Consider a special type of convex function $g(\cdot):\mathbb{R}^d \to \mathbb{R}_+\cup\{+\infty\}$ such that $g(x)=+\infty$ as $x\to \infty$. Then $g$ is differentiable almost everywhere within its domain. Now consider the quantity $$\frac{\nabla g(x)}{(g(x))^{1+\delta}},$$ where $\delta>0$. Can we get some estimate of type $$\nabla g(x)_2\leq c_g(1+x)^{\gamma} ((g(x))^{1+\delta}$$ for some $\gamma>0$ and all $x>R$, where $c_g$ may depend on some 'local' information of $g$ but not asymptotically as $x \to \infty$, and $R$ is independent of $g$? Or is there a counterexample?

1$\begingroup$ You can find a counterexample for $d=1$ among functions which are linear on each interval $[n,n+1]$. $\endgroup$– Anton PetruninApr 12, 2015 at 6:15

$\begingroup$ @AntonPetrunin For piecewise function the left hand side is always $0$, where is the contradiction? $\endgroup$– Roy HanApr 12, 2015 at 6:41

1$\begingroup$ $g$ is piecewise linear (not piecewise constant). $\endgroup$– Anton PetruninApr 12, 2015 at 17:50
1 Answer
Let me explain first what Anton wrote: we construct piecewise linear function $f$ by on $[0,n]$ by induction in $n$. Suppose that it is already constructed on $[0,n]$. Define the right derivative $D^+f(n)$ so that your inequality is violated. Then extend $f$ linearly on $[n,n+1]$. Then smoothen, if you need a smooth function.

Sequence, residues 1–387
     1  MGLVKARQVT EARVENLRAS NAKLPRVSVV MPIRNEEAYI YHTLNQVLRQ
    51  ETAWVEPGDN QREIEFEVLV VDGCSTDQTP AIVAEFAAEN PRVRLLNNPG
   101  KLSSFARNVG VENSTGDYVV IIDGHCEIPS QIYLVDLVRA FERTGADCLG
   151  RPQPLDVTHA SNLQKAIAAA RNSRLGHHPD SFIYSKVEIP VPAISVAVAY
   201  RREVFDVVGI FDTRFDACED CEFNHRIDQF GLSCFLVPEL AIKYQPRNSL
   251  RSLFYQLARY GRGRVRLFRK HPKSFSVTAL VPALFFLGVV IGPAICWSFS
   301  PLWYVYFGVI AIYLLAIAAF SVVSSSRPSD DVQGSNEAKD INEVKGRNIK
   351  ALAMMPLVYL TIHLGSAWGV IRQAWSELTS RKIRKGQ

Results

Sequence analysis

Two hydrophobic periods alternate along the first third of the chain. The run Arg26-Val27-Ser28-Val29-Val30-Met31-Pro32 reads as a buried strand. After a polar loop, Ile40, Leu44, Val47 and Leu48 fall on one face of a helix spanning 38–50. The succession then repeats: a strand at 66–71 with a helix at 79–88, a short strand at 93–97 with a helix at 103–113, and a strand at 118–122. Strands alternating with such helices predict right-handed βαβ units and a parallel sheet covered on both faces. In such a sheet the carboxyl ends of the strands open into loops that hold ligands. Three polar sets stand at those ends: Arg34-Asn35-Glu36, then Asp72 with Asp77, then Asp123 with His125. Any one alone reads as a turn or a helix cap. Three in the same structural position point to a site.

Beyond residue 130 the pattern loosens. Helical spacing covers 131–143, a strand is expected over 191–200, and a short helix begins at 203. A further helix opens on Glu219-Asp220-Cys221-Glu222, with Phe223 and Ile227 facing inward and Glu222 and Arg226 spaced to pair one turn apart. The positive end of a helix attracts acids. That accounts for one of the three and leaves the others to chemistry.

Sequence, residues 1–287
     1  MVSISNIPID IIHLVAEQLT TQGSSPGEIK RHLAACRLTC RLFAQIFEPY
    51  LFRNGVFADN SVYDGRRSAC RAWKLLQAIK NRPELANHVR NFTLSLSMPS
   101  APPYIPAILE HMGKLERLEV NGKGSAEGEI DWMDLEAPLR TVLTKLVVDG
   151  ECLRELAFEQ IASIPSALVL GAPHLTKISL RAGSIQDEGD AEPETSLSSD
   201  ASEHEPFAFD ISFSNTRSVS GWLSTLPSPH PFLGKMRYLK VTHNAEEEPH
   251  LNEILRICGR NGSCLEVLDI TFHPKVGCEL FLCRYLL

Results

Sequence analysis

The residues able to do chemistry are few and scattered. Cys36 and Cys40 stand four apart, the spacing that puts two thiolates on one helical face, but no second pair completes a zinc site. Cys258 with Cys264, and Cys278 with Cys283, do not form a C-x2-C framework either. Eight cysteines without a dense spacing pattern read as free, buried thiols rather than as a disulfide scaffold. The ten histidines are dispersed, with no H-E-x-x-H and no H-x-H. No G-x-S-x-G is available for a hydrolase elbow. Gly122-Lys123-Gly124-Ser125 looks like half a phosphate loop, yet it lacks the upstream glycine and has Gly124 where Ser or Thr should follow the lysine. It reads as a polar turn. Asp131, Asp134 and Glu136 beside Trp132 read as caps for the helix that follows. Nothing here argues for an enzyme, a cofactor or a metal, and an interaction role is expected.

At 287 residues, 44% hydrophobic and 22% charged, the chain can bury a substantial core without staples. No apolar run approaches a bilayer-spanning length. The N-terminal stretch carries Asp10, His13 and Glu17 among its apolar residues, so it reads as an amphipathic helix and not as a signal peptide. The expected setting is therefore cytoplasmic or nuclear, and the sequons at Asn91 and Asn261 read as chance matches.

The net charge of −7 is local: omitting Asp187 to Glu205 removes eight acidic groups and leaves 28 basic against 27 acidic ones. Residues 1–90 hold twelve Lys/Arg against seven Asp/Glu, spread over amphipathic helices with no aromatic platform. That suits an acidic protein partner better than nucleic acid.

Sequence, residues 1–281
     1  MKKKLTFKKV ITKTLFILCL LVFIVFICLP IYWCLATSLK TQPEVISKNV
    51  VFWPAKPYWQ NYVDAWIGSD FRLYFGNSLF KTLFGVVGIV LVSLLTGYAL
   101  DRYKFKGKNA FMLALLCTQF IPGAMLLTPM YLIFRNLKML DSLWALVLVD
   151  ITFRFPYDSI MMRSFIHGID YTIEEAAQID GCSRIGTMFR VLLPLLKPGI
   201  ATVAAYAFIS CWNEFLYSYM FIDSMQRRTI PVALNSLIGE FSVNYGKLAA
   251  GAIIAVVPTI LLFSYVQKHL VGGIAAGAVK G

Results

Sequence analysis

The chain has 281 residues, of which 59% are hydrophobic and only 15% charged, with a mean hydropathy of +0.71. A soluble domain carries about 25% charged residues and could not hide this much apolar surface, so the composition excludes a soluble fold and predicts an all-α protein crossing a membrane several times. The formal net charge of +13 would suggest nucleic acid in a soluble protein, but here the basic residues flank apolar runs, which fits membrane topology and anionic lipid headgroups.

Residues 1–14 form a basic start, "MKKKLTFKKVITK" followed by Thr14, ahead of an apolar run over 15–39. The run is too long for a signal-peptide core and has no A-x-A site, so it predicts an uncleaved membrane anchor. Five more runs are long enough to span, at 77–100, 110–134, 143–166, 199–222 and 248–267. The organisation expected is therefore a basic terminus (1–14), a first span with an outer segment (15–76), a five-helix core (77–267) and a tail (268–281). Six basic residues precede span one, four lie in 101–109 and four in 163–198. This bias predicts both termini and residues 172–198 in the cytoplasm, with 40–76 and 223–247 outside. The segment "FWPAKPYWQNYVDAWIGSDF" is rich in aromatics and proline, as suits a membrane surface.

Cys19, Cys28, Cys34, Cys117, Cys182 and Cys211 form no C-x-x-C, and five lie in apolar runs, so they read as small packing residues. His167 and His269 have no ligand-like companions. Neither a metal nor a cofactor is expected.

However, inequality $f'\leq f^{1+\epsilon}$ holds on ``most'' of the positive ray: the set where it is violated has finite measure. Indeed, assuming that $f$ is increasing, let $E$ be the set where $f'>f^{1+\epsilon}$, and $a>0$ is the leftmost point of $E$. Then $$E\leq\int_E\frac{f'}{f^{1+\epsilon}}dx=\int_{f(E)}\frac{dw}{w^{1+\epsilon}}<\int_{f(a)}\frac{dw}{w^{1+\epsilon}}<\infty.$$ I do not know what is the appropriate extension of this argument to higher dimensions, but certainly some statements of this sort can be made.